Wednesday, December 19, 2012

Una Navidad hispana en el valle

A Hispanic Christmas in the valley

Express Staff Writer

Hispanic families celebrate Our Lady of Guadalupe during a special service Wednesday, Dec. 12, at St. Charles Catholic Church in Hailey. Photo by Roland Lane

From cooking special Christmas tamales to keeping nativity scene mangers empty until midnight on Dec. 25, Hispanics in the Wood River Valley keep many of their countries’ traditions alive as they celebrate the holidays far from their former homes.

According to the 2010 U.S. Census, Hispanics make up almost 20 percent of Blaine County’s nearly 21,400 residents, compared to 11 percent in Idaho and about 17 percent in the U.S. When the holidays hit, that means the valley pops with all sorts of typical celebrations from Latin America.

On Dec. 12, a large number of people—mainly of Mexican descent—kicked off the holidays by attending the mass of Our Lady of Guadalupe at St. Charles Borromeo Catholic Church in Hailey.

According to the website of Inside Mexico Publishing—a Texas-based firm that produces news videos and articles about Mexican culture—the Dec. 12 mass is one of the most important celebrations of the year in Mexico as it marks the unofficial beginning of the holidays. The website states that in Mexico City, thousands of people from all over the country attend the mass.

In Hailey, cars were double- and even triple-parked near the church. The church door had to remain open for portions of the service to accommodate people looking in from the outside steps. Father Joseph F. McDonald conducted the mass in Spanish.

During the mass, McDonald said the world would be worse if the many different Hispanic cultures were forgotten or lost. He said it’s important for Hispanics living in the U.S. to promote their culture within the family, but also to be able to integrate well in American culture.

“We’re like a mixed salad,” he said.

According to Inside Mexico Publishing, the holidays in Mexico officially begin Dec. 16, when the first Posada takes place.

“We do Posadas,” said Marisa Mendes, a California-born College of Southern Idaho nursing student of Mexican descent. “They’re reenactments of Mary and Joseph’s search for shelter in Bethlehem. We celebrate with a procession to a different friend’s house every night until the 24th.” 

“Posada” means “inn” or “shelter” in Spanish.

Mendes also said that traditional Mexican Christmas foods include tamales, posole—a thick soup made with pork and hominy—and fruit punches.

“Guava is the most common punch flavor,” she said. “My favorite tamales are the pork ones.”

She said on Christmas Eve, many Mexican families break piñatas filled with candy and fruits such as oranges.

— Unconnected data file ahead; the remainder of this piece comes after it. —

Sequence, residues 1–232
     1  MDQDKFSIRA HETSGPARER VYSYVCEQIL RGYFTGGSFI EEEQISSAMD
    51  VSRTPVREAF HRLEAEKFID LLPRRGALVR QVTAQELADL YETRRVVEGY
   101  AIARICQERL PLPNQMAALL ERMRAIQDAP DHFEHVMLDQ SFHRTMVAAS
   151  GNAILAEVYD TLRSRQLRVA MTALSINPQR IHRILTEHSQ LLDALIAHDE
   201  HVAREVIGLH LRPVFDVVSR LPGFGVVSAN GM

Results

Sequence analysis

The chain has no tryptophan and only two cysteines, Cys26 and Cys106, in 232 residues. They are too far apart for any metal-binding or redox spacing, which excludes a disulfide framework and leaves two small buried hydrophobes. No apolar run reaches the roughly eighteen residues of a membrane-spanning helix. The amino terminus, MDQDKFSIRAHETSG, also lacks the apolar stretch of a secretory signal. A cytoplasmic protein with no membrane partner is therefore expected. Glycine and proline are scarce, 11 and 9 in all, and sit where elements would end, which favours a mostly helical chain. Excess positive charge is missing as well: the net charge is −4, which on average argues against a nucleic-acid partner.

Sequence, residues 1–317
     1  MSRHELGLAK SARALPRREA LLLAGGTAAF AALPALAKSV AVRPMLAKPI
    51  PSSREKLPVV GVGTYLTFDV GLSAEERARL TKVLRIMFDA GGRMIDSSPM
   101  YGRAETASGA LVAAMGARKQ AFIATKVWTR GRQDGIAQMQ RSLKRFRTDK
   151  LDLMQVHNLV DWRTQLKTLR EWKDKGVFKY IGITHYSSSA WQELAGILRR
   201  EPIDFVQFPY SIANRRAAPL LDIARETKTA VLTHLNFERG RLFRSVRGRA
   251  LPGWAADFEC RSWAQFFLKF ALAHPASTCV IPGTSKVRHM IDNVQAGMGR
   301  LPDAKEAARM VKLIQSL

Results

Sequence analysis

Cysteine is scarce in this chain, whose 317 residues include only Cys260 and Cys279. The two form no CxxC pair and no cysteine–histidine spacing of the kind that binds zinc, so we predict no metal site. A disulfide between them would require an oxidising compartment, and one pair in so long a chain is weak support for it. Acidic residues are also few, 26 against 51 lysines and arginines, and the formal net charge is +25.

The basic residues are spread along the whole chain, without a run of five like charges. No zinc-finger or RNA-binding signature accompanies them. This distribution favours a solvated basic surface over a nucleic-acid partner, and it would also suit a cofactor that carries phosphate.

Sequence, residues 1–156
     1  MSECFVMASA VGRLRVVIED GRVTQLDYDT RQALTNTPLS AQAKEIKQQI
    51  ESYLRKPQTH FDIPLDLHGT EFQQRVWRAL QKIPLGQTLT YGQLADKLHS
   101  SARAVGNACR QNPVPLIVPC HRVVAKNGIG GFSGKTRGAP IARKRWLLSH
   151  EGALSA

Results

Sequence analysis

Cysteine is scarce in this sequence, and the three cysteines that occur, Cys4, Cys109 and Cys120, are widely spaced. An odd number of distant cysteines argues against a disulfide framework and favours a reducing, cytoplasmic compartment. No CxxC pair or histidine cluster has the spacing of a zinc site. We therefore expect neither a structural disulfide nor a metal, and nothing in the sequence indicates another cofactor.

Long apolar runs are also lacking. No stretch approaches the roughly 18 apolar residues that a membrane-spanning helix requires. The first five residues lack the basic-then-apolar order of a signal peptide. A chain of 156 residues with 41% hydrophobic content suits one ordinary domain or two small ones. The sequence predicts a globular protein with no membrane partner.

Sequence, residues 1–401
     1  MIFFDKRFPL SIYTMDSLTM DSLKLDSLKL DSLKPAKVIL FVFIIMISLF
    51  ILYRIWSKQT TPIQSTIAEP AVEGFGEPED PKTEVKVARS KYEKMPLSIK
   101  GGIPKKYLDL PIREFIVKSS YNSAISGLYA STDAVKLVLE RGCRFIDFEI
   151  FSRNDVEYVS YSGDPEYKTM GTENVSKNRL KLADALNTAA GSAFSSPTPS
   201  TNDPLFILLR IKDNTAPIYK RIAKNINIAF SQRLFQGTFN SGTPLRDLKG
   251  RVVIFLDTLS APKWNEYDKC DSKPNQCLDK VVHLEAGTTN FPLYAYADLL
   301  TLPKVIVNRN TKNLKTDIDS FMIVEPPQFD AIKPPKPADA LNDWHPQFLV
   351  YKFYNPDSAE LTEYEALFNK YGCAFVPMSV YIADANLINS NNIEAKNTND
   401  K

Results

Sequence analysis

Jacquelyn Jones, a Dual Immersion kindergarten teacher at Bellevue Elementary School, said her family has continued many Costa Rican holiday traditions in the valley since she moved from the capital city of San José with her husband and two now grown-up daughters in 2000.

Jones said that each home sets up a nativity scene, but “El Niño” (baby Jesus) is not placed in the manger until 12 a.m. on Dec. 25.

“[In Costa Rica], each year our family would go together to the big market where stands are specific to selling items for the Nativity scene,” she said. “Our children would pick something special to add.”

Jones said her family continues to set up the scene in the traditional way.

According to Jones, tamales are also a typical Costa Rican Christmas food, but the typical fresh banana leaves to wrap them are hard to find here.

“We settle for the frozen packs from Valley Market!” she said.

Carla Gavalino, an architect with Ruscitto, Latham and Blanton in Ketchum who grew up in Lima, Peru, said Peruvians practice the nativity scene tradition as well.

“Most everybody sets one up, from small ones to huge ones with rivers and everything,” she said.

Gavalino said Christmas in Peru is a “fun week” and that it’s typical to have dinner at midnight on Dec. 24.

“People here think that’s weird,” she said. “We greet each other, wish each other well, have a toast, sit and have dinner, then open presents. We’ll stay up until 4 in the morning.”

Juan Flores, a Hailey resident who also grew up in Lima, said his two sons—ages 9 and 11—go to sleep before the midnight dinner, then they wake up for the celebration, stay up until 1 or 2 a.m. playing with their presents, and go back to sleep. Flores said he’s lived in the valley for 12 years.

“My littlest one told me he wanted to open his presents on Christmas day this year,” he said. “If that’s what he wants to do, that’s fine, but my wife and I will still have dinner and open presents at midnight. That’s how we grew up.”

Brennan Rego:

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